Take the 2-minute tour ×
Super User is a question and answer site for computer enthusiasts and power users. It's 100% free, no registration required.

I have a VirtualBox set up on a Windows 2008 R2 Standard Server (64bit). In the VirtualBox I run a CentOS 6.3. I have set up Bridged Networking with a static IP address. Things work fine, I can ping the client and the from the client to the outside. I can also SSH into the VM.

However, I cannot access any other services running in the client.

Here's some weird stuff, ping:

> ping -c 2 192.168.218.23
PING 192.168.218.23 (192.168.218.23) 56(84) bytes of data.
64 bytes from 192.168.218.23: icmp_req=1 ttl=62 time=45.7 ms
64 bytes from 192.168.218.23: icmp_req=2 ttl=62 time=41.6 ms

and nmap:

> nmap 192.168.218.23

Starting Nmap 5.21 ( http://nmap.org ) at 2012-09-07 15:28 CEST
Note: Host seems down. If it is really up, but blocking our ping probes, try -PN
Nmap done: 1 IP address (0 hosts up) scanned in 0.09 seconds

and nmap -PN:

> nmap 192.168.218.23 -PN
Starting Nmap 5.21 ( http://nmap.org ) at 2012-09-07 15:28 CEST
Nmap scan report for vub-backup-02v.zentrale.vpn.vub.de (192.168.218.23)
Host is up (0.53s latency).
Not shown: 999 filtered ports
PORT   STATE SERVICE
22/tcp open  ssh

Nmap done: 1 IP address (1 host up) scanned in 73.36 seconds

and another nmap version:

# nmap 192.168.218.23

Starting Nmap 5.51 ( http://nmap.org ) at 2012-09-07 15:32 CEST
Nmap scan report for 192.168.218.23
Host is up (0.0010s latency).
Not shown: 999 filtered ports
PORT   STATE SERVICE
22/tcp open  ssh

Nmap done: 1 IP address (1 host up) scanned in 4.93 seconds

But here is the netstat of the client VM:

# netstat -ltpn
Active Internet connections (only servers)
Proto Recv-Q Send-Q Local Address               Foreign Address             State           PID/Program name   
tcp        0      0 0.0.0.0:111                 0.0.0.0:*                   LISTEN      1081/rpcbind        
tcp        0      0 0.0.0.0:22                  0.0.0.0:*                   LISTEN      1431/sshd           
tcp        0      0 0.0.0.0:8983                0.0.0.0:*                   LISTEN      3059/java           
tcp        0      0 127.0.0.1:631               0.0.0.0:*                   LISTEN      1240/cupsd          
tcp        0      0 127.0.0.1:25                0.0.0.0:*                   LISTEN      1507/master         
tcp        0      0 0.0.0.0:35071               0.0.0.0:*                   LISTEN      1099/rpc.statd      
tcp        0      0 :::57196                    :::*                        LISTEN      1099/rpc.statd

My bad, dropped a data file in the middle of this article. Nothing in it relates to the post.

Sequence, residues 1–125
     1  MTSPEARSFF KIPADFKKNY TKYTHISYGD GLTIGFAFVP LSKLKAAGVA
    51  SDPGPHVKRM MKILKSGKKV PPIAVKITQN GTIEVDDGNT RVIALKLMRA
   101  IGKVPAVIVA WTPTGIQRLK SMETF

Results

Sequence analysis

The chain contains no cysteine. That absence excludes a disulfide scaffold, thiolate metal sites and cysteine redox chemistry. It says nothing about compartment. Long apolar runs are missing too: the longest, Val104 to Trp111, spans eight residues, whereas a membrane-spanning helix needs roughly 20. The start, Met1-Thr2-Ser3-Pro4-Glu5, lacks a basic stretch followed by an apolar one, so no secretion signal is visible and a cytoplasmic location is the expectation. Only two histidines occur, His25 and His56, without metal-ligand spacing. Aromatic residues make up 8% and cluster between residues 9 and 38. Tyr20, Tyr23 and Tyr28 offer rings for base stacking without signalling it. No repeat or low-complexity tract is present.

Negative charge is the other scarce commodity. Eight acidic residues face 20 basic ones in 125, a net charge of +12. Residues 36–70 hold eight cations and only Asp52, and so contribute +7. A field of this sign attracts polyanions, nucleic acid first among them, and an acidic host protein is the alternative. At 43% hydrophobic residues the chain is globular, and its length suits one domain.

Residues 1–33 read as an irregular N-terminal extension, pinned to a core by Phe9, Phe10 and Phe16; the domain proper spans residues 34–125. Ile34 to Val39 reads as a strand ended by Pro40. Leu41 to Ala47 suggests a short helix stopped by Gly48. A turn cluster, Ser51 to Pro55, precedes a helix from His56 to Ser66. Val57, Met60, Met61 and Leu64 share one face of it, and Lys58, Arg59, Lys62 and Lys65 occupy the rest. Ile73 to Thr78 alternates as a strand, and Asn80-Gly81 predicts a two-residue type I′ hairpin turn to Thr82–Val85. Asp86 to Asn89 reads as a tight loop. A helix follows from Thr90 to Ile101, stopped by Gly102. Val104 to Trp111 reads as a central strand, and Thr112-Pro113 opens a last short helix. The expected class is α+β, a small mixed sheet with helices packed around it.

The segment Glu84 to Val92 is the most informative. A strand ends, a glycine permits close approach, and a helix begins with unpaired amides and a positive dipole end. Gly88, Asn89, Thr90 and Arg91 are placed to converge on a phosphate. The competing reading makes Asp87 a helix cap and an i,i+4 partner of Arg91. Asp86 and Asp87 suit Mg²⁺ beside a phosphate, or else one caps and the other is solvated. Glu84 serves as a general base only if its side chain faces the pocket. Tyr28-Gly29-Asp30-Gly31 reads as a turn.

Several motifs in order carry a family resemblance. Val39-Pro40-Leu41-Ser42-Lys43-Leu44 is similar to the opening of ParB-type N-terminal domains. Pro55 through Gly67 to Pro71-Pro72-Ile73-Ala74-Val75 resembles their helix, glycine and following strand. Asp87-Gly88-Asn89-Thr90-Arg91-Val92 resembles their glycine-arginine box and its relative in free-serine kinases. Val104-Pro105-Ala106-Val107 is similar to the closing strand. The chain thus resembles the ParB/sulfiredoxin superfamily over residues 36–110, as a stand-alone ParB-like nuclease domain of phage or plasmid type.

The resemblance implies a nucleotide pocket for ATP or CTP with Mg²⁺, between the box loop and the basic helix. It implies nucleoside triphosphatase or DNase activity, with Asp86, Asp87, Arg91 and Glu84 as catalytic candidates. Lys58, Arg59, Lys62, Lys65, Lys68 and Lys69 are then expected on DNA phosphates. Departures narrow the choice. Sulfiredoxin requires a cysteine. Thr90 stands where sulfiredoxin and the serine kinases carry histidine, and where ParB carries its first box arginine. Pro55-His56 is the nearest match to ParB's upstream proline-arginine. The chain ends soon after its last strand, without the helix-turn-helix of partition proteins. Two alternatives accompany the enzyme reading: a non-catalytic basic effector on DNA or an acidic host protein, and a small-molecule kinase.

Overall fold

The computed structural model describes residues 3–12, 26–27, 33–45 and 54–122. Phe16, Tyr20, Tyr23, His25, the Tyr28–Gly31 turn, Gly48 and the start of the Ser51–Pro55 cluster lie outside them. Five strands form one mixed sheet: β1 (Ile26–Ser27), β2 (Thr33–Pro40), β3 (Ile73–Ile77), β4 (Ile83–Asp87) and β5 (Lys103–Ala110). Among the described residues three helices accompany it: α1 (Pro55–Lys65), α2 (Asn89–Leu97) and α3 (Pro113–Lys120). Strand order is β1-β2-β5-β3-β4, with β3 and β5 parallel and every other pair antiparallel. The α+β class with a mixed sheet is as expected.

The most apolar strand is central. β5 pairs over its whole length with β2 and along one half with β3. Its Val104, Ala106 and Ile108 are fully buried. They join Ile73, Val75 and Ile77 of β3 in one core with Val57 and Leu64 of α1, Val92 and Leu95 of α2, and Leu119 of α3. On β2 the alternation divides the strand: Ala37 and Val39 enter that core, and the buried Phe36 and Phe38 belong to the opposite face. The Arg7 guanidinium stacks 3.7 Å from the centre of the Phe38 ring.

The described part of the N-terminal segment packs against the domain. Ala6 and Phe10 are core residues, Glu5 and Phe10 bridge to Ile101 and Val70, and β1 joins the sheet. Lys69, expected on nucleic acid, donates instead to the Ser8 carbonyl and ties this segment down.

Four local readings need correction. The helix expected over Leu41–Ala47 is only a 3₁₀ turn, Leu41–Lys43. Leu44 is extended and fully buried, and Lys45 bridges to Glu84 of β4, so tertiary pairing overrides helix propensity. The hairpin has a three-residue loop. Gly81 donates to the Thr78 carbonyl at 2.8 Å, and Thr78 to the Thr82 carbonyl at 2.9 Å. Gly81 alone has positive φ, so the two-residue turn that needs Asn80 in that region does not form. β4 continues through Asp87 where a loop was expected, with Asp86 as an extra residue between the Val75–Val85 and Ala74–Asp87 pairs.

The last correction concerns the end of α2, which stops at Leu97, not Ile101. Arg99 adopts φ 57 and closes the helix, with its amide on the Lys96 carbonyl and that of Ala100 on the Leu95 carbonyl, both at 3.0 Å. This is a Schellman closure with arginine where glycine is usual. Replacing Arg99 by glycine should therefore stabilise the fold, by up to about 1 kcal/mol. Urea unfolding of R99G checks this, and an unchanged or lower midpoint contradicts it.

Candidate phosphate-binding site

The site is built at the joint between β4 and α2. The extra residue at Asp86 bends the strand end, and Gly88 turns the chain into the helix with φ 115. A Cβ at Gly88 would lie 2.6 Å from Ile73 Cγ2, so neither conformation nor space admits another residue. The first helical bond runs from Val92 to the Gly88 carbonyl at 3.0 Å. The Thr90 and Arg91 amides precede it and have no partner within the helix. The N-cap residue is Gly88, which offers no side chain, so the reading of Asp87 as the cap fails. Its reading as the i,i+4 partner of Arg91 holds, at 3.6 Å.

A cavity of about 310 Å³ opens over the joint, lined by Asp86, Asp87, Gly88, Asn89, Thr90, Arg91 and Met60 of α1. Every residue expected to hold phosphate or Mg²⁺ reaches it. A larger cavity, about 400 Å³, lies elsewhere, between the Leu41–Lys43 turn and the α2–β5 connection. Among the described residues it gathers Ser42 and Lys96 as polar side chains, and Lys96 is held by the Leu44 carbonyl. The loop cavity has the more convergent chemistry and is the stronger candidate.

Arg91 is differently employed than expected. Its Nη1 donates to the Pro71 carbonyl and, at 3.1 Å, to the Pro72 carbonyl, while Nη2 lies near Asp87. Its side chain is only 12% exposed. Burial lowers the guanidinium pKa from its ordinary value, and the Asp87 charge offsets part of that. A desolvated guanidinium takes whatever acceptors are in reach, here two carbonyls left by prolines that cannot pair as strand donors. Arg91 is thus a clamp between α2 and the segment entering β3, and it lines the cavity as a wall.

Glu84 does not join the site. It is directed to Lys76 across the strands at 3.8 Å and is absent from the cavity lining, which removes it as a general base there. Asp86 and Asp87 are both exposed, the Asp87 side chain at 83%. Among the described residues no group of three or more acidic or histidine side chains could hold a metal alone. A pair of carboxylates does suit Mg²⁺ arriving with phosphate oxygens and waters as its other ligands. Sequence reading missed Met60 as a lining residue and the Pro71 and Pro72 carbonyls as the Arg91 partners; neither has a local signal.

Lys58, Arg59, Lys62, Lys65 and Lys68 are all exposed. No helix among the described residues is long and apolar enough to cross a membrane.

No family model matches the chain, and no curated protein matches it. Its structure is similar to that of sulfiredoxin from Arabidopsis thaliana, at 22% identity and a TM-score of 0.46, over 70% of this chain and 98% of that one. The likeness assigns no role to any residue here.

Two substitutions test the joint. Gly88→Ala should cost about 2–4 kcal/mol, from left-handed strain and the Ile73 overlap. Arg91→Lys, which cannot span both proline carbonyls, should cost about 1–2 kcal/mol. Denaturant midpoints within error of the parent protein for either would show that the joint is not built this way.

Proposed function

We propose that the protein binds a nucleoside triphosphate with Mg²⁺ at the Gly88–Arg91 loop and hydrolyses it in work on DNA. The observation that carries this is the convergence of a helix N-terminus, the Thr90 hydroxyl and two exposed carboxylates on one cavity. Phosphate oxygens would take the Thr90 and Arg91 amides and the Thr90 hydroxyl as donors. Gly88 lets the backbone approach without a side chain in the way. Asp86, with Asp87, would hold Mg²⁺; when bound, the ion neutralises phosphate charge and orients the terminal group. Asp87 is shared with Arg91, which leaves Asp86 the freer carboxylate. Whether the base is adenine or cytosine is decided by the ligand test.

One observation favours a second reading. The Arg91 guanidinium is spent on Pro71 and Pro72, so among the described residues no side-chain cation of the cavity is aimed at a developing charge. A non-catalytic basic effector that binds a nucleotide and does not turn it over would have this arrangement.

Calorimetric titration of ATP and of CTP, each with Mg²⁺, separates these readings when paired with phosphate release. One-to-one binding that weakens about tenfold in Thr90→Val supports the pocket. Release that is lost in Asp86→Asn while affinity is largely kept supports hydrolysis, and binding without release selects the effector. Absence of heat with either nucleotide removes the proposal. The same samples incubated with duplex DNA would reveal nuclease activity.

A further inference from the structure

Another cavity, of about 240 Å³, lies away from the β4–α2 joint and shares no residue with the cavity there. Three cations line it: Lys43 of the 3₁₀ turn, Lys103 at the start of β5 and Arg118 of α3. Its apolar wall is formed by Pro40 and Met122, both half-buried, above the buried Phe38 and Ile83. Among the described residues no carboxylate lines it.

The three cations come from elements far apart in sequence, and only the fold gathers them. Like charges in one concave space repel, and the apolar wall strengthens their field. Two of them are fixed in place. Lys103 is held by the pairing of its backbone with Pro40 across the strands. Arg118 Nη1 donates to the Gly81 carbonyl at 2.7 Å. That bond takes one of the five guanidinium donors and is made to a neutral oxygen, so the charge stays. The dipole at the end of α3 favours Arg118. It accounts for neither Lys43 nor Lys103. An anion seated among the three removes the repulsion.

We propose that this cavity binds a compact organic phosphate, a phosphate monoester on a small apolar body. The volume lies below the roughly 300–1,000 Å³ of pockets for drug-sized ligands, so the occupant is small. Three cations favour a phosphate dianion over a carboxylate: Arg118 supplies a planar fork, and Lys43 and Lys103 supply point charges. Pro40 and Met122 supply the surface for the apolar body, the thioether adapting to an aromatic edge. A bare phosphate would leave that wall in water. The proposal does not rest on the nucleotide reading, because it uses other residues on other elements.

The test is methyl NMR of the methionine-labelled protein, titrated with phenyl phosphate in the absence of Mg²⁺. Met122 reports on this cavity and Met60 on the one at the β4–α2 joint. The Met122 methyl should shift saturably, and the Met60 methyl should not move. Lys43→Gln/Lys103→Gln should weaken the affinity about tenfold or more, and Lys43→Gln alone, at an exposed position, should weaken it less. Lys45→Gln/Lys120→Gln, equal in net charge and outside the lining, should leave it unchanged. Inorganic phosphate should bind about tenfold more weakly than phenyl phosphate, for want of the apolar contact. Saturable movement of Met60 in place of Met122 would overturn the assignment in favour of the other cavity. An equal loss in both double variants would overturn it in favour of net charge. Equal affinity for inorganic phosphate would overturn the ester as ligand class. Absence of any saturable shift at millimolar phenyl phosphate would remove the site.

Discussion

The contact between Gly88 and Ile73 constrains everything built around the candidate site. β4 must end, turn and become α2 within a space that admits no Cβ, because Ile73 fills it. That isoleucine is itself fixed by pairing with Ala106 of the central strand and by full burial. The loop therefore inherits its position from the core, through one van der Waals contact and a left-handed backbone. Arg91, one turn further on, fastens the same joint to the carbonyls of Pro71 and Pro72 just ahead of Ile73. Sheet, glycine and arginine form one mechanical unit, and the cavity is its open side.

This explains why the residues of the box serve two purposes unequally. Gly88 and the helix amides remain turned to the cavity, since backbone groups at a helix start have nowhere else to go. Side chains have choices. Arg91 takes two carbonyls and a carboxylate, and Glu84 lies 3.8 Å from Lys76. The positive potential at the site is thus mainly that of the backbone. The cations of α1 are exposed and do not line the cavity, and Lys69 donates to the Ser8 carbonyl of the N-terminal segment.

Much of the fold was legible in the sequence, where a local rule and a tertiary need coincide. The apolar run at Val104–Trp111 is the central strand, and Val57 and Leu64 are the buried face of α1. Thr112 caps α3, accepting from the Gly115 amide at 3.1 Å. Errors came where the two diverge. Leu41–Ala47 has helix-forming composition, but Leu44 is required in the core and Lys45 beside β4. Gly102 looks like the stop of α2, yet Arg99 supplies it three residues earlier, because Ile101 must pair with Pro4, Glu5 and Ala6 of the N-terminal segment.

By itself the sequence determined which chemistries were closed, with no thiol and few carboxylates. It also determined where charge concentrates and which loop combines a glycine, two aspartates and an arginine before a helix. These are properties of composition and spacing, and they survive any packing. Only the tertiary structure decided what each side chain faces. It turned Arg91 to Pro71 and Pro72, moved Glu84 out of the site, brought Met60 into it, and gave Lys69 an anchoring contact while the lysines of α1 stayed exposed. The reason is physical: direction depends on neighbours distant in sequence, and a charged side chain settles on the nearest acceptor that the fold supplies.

tcp        0      0 :::111                      :::*                        LISTEN      1081/rpcbind        
tcp        0      0 :::22                       :::*                        LISTEN      1431/sshd           
tcp        0      0 ::1:631                     :::*                        LISTEN      1240/cupsd          
tcp        0      0 ::1:25                      :::*                        LISTEN      1507/master         

So why can I not reach port 8983 or 111 from the outside?

share|improve this question

1 Answer 1

up vote 1 down vote accepted

Stefan, The most likely cause from my experience is that the iptables firewall is on with the default setting of REJECT ALL. You will need to turn off the firewall or open ports to allow the traffic through. The default firewall rules do permit SSH. Here are the iptable defaults for CentOS:

# iptables -L
Chain INPUT (policy ACCEPT)
target     prot opt source               destination         
ACCEPT     all  --  anywhere             anywhere            state RELATED,ESTABLISHED 
ACCEPT     icmp --  anywhere             anywhere            
ACCEPT     all  --  anywhere             anywhere            
ACCEPT     tcp  --  anywhere             anywhere            state NEW tcp dpt:ssh 
REJECT     all  --  anywhere             anywhere            reject-with icmp-host-prohibited 

Chain FORWARD (policy ACCEPT)
target     prot opt source               destination         
REJECT     all  --  anywhere             anywhere            reject-with icmp-host-prohibited 

Chain OUTPUT (policy ACCEPT)
target     prot opt source               destination         

I would suggest that you first disable the firewall using

/sbin/service iptables stop

then trying to access the services again. If it works, add the following rules to iptables:

/sbin/iptables -I INPUT 5 -p tcp -m state --state NEW -m tcp --dport 8983 -j ACCEPT
/sbin/iptables -I INPUT 5 -p tcp -m state --state NEW -m tcp --dport 111 -j ACCEPT

and restart the firewall using

/sbin/service iptables start

NOTE: If you are using port 111 for RPCs, (it is the standard port for the RPC portmapper) you need to take look at the following and make appropriate changes: Chapter 30: The sysconfig directory /etc/sysconfig/nfs

If it doesn't work, the Windows Firewall may be blocking the traffic.

share|improve this answer
    
Thanks heaps! I did run iptables -L but I totally missed that last "REJECT all". –  Stefan Seidel Sep 9 '12 at 22:39

Your Answer

 
discard

By posting your answer, you agree to the privacy policy and terms of service.

Not the answer you're looking for? Browse other questions tagged or ask your own question.